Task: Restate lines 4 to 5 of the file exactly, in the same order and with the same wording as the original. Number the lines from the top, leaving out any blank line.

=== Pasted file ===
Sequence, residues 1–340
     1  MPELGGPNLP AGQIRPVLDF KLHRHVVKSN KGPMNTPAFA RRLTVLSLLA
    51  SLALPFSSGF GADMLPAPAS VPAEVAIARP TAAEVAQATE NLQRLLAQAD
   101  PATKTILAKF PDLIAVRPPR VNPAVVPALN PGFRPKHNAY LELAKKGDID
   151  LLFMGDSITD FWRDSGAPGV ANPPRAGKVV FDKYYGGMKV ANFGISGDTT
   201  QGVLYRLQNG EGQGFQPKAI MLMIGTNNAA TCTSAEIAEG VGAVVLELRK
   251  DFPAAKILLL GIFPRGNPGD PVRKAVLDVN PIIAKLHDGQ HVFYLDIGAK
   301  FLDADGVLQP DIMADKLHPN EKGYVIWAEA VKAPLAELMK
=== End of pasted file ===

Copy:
   101  PATKTILAKF PDLIAVRPPR VNPAVVPALN PGFRPKHNAY LELAKKGDID
   151  LLFMGDSITD FWRDSGAPGV ANPPRAGKVV FDKYYGGMKV ANFGISGDTT